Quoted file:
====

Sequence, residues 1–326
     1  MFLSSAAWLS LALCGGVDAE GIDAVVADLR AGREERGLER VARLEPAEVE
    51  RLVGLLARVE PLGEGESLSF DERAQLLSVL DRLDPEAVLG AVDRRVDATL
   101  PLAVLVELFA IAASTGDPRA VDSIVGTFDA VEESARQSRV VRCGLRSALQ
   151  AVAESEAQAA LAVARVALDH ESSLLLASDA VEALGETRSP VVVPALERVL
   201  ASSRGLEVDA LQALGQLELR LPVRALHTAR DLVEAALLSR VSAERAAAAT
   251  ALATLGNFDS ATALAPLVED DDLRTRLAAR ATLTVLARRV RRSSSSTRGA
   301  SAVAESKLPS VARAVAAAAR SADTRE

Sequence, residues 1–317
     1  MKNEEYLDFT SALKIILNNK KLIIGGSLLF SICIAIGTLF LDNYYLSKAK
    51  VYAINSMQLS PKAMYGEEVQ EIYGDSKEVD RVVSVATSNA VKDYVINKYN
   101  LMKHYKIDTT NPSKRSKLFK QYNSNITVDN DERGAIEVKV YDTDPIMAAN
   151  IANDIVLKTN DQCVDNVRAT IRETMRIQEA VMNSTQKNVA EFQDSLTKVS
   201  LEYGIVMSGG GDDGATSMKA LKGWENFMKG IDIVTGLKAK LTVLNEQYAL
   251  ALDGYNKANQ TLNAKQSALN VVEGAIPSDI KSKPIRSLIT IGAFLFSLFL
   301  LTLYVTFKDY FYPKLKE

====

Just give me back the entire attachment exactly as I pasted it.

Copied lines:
Sequence, residues 1–326
     1  MFLSSAAWLS LALCGGVDAE GIDAVVADLR AGREERGLER VARLEPAEVE
    51  RLVGLLARVE PLGEGESLSF DERAQLLSVL DRLDPEAVLG AVDRRVDATL
   101  PLAVLVELFA IAASTGDPRA VDSIVGTFDA VEESARQSRV VRCGLRSALQ
   151  AVAESEAQAA LAVARVALDH ESSLLLASDA VEALGETRSP VVVPALERVL
   201  ASSRGLEVDA LQALGQLELR LPVRALHTAR DLVEAALLSR VSAERAAAAT
   251  ALATLGNFDS ATALAPLVED DDLRTRLAAR ATLTVLARRV RRSSSSTRGA
   301  SAVAESKLPS VARAVAAAAR SADTRE

Sequence, residues 1–317
     1  MKNEEYLDFT SALKIILNNK KLIIGGSLLF SICIAIGTLF LDNYYLSKAK
    51  VYAINSMQLS PKAMYGEEVQ EIYGDSKEVD RVVSVATSNA VKDYVINKYN
   101  LMKHYKIDTT NPSKRSKLFK QYNSNITVDN DERGAIEVKV YDTDPIMAAN
   151  IANDIVLKTN DQCVDNVRAT IRETMRIQEA VMNSTQKNVA EFQDSLTKVS
   201  LEYGIVMSGG GDDGATSMKA LKGWENFMKG IDIVTGLKAK LTVLNEQYAL
   251  ALDGYNKANQ TLNAKQSALN VVEGAIPSDI KSKPIRSLIT IGAFLFSLFL
   301  LTLYVTFKDY FYPKLKE